her latest book intonations is a collection of essays which she began writing at the start of the coronavirus pandemic and finished soon after the murder of george floyd.
this article includes several quotes from one essay called something to do, which mirrors my own experiences of trying to see free time as a gift and a privilege rather than something that must be constantly filled with meaningless tasks.
in the absence of these tasks, one of which being the banana bread craze that swept across the world mid-pandemic, she writes that "love is not something to do, but something to be experienced, and something to go through — that must be why it frightens so many of us and why we so often approach it indirectly".
at a time where human connection has become more important than ever, it's a sentiment that resonates deeply with me, and an idea i hope to hang onto when life eventually returns to "normal" and our lives are once again filled with work and social engagements.
she also appears to come to terms with her fear of the unknown (something i've always struggled with) when she says, "i’m not the only person on this earth who has no idea what life is for, nor what is to be done with all this time aside from filling it."
it was once believed that only ~creative~ people like artists and writers had the time to contemplate such intense ideas, but more and more people who would have previously been "too busy" for that kind of thinking are now pondering this question, and working out how to fill their time without the constraints of work.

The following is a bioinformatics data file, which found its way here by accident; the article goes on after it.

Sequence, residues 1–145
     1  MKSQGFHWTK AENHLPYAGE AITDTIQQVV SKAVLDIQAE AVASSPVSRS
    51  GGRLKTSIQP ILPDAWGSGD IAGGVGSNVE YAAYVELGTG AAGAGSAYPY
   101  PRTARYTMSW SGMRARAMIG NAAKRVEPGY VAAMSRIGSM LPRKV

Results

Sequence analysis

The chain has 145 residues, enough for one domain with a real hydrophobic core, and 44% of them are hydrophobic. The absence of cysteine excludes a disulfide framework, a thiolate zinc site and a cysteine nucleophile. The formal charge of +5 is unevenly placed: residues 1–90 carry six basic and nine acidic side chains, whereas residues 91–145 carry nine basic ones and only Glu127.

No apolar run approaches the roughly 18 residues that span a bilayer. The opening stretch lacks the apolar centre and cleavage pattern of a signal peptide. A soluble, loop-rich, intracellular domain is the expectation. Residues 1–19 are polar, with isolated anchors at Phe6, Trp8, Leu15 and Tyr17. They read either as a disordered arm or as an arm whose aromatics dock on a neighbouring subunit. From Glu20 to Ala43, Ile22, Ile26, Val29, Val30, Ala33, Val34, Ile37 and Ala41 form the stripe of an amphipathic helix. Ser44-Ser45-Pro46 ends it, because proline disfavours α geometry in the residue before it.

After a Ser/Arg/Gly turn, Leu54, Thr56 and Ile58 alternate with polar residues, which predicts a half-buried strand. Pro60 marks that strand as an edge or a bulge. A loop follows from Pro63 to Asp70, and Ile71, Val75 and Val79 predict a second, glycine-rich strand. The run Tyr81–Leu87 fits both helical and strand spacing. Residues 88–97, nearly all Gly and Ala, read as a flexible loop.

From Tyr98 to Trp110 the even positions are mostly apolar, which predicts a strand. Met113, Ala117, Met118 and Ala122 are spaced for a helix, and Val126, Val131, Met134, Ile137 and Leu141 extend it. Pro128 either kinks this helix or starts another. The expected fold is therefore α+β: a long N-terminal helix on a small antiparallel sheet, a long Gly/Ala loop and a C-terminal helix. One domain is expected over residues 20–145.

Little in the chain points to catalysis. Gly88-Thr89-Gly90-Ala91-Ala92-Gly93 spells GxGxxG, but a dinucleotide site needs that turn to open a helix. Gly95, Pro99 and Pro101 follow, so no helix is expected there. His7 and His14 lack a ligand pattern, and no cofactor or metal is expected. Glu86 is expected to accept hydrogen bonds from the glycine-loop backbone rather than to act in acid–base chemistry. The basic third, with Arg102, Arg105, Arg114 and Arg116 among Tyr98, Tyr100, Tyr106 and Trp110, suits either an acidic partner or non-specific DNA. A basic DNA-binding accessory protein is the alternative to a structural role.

going back to seneca's idea of holding every hour in my grasp, i've been trying to focus on things from one hour to the next, rather than worrying about what will happen in the next few days/weeks/months.
even something as simple as going for a walk felt like a task i had to complete in a hurry until the other day, when the snow and ice that appeared overnight meant i had no choice but to walk at a slower pace to avoid slipping and/or falling over.
at first it was slightly annoying, but once i realised i didn't have anything i needed to rush home for, i was able to actually focus on and, dare i say, enjoy my surroundings.
to quote seneca once again, "nothing is ours, except time" and i'm now much more at ease with this idea, finding enjoyment in simple things like reading a book and of course, listening to music.
after coming across this interview of stevie nicks by matt healy, i found myself listening to buckingham nicks, the 1973 album created by a pre-fleetwood mac stevie and lindsay buckingham. for reasons i'll never understand, the album wasn't a commercial success and the duo were dropped from their label due to "poor sales". as a result, it was never given an official release - though the odd copy can be found on amazon - and was never added to streaming platforms.
luckily a full version can be found on youtube, and while every track is excellent - especially lindsay's solos without a leg to stand on, don't let me down again and lola (my love), all of which reminded me why i made a disastrous attempt to learn the guitar between the ages of 14-17 - my favourite has to be frozen love.
a glorious seven minute long track, the real magic begins at precisely 3:45, when the guitar-based melody gives way to a glorious orchestral backing track that flows seamlessly into buckingham's picking technique.